How Do Problems Start?
Bodies are usually self-righting. Pain shows that something is wrong. Often all that means are a few aches and pains following over-exertion or repetitive movements, then the pain goes away and all is well.....or so it seems. Frequently though, the pain returns after a while, or another, seemingly unrelated pain crops up. This process repeats whenever a certain action is carried out and a pattern of compensation begins.
Muscles do not work on their own. They work in groups; not only to move joints, but to stabilise movements and provide protection for the internal organs. Connective tissue, also known as myofascia, envelopes and permeates every muscle, organ and space in the body, like a soft, gel like web.
Through injury or overuse, muscles lose their ability to relax after they have contracted. Pain causing, acidic chemical waste products from the contraction are left behind and hypersensitive 'trigger points' are formed at the contraction site inside the muscle. These shorten muscles, increase tension and cause pain to radiate within the muscle, its casings and attachments. Blood flow is interrupted and lymphatic drainage reduces.
Myofascial Pain Syndrome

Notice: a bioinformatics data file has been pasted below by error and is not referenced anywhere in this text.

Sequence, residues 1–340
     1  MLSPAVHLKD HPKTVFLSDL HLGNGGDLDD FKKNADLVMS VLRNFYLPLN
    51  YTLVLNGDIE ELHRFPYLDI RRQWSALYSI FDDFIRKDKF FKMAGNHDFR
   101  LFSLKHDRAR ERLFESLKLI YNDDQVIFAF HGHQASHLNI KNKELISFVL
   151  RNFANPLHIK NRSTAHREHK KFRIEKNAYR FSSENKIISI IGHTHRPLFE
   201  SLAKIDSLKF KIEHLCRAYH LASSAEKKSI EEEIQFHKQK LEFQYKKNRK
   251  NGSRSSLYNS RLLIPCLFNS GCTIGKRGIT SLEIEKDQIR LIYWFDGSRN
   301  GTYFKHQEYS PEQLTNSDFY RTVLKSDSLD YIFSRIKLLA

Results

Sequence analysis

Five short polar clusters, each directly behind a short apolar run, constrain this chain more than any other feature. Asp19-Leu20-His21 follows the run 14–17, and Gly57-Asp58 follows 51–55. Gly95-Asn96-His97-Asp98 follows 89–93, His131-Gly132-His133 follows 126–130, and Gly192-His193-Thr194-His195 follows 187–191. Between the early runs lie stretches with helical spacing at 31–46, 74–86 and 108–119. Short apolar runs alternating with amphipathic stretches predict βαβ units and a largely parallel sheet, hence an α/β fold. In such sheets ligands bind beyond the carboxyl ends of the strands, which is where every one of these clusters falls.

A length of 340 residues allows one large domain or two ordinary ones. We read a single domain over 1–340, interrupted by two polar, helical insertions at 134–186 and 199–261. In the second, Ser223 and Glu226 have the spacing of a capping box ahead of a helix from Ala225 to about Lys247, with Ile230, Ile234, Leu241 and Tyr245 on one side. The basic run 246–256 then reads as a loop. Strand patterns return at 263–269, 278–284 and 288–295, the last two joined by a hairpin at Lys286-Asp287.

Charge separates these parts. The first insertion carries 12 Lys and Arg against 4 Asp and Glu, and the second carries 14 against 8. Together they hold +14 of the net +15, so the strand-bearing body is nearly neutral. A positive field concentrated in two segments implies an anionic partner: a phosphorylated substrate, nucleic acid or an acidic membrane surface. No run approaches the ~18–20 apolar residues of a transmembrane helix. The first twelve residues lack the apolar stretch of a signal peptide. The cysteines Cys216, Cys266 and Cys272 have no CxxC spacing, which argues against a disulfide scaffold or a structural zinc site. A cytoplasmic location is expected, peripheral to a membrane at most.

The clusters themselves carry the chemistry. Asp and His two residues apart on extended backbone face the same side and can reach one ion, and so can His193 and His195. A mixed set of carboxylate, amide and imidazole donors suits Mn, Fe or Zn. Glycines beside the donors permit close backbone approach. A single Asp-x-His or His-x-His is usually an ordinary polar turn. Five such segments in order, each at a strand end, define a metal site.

When blood flow and lymphatic drainage are not balanced, toxins cannot be drained away effectively from muscles and pain signals are generated from the local inflammation. Sometimes nerves are trapped. Connective tissues are stressed a
nd dehydrate, leading to tightening and hardening of the surrounding area. This causes a far reaching domino effect of radiating and referred pain all over the body, as the brain struggles to compensate for the ever-increasing postural changes.
Often the root of the pain is not where it appears to be. Trigger points refer pain to various other parts of the body via the myofascia. For example some headaches, chest and hand pain originate in the muscles of the neck. Referred pain can mimic many conditions including headaches, angina and carpal tunnel syndrome.
So, by the time a repeating, niggling pain becomes enough of a problem to seek help for, the body has compensated, tightened, loosened, eased and given, until every minor adjustment the body attempts to right itself, now disturbs and strains tissues that have already been altered before. This process, known as 'decompensation,' happens within your nervous system, muscles and connective tissue.
Why the Doctor Can't Really Help
Pain is treated with pain killers and anti-inflammatory medications but if the trigger points are not addressed, the inflammation will persist and the medications will only mask the pain, not treat the root cause. Pain that lasts longer than a week or two can be debilitating. It often interrupts sleep. This can lead to spiralling effects of fatigue, low mood and inability to function. If sleep patterns do not return to normal very soon, resistance to illness is depleted and pain signals are magnified. The body becomes tolerant to pain medications and the inflammatory processes within the muscles remain in place. Trigger points and this type of decompensation cannot be seen on X-rays, CT scans or MRI scans, so overworked GPs seem powerless to help.